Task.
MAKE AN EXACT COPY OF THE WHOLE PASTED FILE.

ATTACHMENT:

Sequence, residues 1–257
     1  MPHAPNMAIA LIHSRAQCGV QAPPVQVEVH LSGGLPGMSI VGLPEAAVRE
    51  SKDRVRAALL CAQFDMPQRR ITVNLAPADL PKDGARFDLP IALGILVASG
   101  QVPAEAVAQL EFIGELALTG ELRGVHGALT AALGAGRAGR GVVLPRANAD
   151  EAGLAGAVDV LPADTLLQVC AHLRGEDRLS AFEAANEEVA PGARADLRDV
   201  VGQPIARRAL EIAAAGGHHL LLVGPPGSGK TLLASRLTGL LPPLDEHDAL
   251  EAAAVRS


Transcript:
Sequence, residues 1–257
     1  MPHAPNMAIA LIHSRAQCGV QAPPVQVEVH LSGGLPGMSI VGLPEAAVRE
    51  SKDRVRAALL CAQFDMPQRR ITVNLAPADL PKDGARFDLP IALGILVASG
   101  QVPAEAVAQL EFIGELALTG ELRGVHGALT AALGAGRAGR GVVLPRANAD
   151  EAGLAGAVDV LPADTLLQVC AHLRGEDRLS AFEAANEEVA PGARADLRDV
   201  VGQPIARRAL EIAAAGGHHL LLVGPPGSGK TLLASRLTGL LPPLDEHDAL
   251  EAAAVRS